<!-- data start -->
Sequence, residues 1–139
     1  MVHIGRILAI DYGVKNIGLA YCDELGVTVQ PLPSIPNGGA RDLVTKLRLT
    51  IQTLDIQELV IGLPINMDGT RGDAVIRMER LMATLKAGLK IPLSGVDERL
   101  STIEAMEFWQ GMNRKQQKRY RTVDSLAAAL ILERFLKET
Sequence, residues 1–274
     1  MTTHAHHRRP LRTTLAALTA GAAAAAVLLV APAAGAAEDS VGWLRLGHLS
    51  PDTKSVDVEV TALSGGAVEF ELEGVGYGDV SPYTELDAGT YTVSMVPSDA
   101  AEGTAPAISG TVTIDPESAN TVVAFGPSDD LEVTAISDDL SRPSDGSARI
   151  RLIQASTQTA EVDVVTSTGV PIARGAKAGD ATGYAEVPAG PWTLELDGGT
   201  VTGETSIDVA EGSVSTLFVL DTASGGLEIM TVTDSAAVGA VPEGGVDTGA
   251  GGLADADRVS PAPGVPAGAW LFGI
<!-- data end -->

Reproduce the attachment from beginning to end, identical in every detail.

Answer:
Sequence, residues 1–139
     1  MVHIGRILAI DYGVKNIGLA YCDELGVTVQ PLPSIPNGGA RDLVTKLRLT
    51  IQTLDIQELV IGLPINMDGT RGDAVIRMER LMATLKAGLK IPLSGVDERL
   101  STIEAMEFWQ GMNRKQQKRY RTVDSLAAAL ILERFLKET
Sequence, residues 1–274
     1  MTTHAHHRRP LRTTLAALTA GAAAAAVLLV APAAGAAEDS VGWLRLGHLS
    51  PDTKSVDVEV TALSGGAVEF ELEGVGYGDV SPYTELDAGT YTVSMVPSDA
   101  AEGTAPAISG TVTIDPESAN TVVAFGPSDD LEVTAISDDL SRPSDGSARI
   151  RLIQASTQTA EVDVVTSTGV PIARGAKAGD ATGYAEVPAG PWTLELDGGT
   201  VTGETSIDVA EGSVSTLFVL DTASGGLEIM TVTDSAAVGA VPEGGVDTGA
   251  GGLADADRVS PAPGVPAGAW LFGI